• Antony Nickles
    1k

    I didn’t address the ability to extrapolate because the issue is a red herring**. A computer very well may come up with a novel response, be “creative”, but a capability is not what makes us a “moral agent”. Picturing a moral act as a decision comes from the desire to have it be something we can be right about (win or lose), so we imagine a moral situation as one that simply hasn’t been solved yet, or, because of the lack of rules guiding us, that there must be a novel act (a new or further rule). But in these desires we just really want to know (beforehand) that our choices (because right, true, just, selfless, imperative, etc) will exempt us from being judged. But being moral is not a capacity, it is a relation to others, a position we take on. We call it the ability to judge, to show judgment, because it is an act of placing ourselves in relation to others. We are responsible not as a function of some “sense”, or an answer I conclude, but in being (continually) answerable for what we do (even to ourselves). Now we may grant this position in relation to us (of judge, say) to a machine (as we might anthropomorphize our judgment by animals, or the earth, or the State), however, this is the ceding of authority (which there may already be a case for with testing and valuation algorithms), but not because of anything inherent (similar or analogous) in the machine’s capabilities, because nothing about it in our own.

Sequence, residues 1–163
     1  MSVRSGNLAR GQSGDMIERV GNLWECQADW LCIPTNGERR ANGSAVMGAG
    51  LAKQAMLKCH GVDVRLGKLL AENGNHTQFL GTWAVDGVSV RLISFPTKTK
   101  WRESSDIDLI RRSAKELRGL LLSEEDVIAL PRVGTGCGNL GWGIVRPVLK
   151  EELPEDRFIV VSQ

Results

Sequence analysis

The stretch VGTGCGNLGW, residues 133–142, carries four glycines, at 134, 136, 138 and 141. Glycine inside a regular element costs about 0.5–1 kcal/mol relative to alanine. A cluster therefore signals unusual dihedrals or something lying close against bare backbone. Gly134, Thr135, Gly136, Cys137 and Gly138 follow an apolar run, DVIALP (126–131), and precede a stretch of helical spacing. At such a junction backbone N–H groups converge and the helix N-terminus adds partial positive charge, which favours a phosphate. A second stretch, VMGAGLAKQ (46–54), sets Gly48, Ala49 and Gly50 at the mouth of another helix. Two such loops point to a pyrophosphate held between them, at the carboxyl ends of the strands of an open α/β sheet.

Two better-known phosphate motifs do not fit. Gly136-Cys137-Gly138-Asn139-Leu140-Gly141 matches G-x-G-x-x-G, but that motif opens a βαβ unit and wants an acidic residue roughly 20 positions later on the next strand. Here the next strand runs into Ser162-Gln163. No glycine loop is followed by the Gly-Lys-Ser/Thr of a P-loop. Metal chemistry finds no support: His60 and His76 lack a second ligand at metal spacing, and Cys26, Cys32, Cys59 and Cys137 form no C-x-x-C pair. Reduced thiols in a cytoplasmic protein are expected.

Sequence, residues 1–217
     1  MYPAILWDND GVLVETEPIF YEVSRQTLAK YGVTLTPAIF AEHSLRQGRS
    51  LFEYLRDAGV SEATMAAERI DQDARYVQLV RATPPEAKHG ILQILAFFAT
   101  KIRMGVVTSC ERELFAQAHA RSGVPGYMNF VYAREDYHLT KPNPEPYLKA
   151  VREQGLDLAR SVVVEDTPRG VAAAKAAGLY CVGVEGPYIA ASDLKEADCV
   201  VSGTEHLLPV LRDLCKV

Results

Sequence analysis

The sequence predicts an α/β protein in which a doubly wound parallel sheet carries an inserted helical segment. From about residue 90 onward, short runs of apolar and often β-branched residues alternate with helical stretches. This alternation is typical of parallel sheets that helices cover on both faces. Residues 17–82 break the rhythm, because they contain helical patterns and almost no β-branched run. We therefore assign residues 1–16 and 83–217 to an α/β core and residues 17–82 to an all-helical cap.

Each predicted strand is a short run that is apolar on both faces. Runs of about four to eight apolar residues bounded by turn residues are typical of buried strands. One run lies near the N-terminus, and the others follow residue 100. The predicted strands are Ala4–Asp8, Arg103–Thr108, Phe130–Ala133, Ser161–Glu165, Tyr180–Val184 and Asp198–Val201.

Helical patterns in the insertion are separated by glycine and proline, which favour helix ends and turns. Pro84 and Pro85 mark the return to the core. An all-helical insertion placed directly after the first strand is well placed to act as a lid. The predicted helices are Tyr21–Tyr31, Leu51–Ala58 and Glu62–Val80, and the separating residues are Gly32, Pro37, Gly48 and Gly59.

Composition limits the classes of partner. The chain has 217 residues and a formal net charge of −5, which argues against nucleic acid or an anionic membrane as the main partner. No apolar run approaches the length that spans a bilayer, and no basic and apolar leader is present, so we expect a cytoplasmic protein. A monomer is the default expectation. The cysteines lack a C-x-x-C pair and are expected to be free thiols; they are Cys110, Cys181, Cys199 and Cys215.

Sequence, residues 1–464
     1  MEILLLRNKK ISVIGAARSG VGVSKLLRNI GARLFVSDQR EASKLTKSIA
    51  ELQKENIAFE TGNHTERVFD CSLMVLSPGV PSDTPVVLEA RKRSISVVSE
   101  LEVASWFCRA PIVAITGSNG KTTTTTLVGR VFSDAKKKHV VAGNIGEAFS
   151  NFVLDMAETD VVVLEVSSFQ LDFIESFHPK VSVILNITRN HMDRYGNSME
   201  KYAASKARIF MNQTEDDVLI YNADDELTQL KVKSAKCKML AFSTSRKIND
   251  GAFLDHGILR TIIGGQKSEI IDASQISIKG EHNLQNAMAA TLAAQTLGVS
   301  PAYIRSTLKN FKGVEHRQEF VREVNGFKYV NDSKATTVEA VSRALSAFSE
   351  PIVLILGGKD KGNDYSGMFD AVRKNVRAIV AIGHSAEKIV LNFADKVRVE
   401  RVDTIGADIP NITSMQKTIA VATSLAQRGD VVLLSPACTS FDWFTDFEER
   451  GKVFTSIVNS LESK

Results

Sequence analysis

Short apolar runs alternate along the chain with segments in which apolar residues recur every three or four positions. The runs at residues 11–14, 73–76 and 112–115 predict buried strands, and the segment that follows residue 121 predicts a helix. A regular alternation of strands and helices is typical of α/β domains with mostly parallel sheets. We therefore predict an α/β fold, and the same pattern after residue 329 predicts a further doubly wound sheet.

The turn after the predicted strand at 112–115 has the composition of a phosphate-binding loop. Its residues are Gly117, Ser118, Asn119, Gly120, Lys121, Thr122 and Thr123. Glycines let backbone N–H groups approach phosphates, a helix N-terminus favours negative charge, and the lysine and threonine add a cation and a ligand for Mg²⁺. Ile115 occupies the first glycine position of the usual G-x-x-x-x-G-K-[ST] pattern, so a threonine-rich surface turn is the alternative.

**At #143 in the PI, Wittgenstein discusses continuing a series of numbers based on a rule. The point is not the continuing (although it is under scrutiny) but the light it sheds on the relation between student and teacher. That the student may “come to an end” (#143), change their approach (#144) be “tempted” or “inclined” to speak or act (#143, or, notably: #217). The important part is they are prepared to react to each other (#145) because understanding is judged; claiming it is announcing a readiness to be judged (#146-154).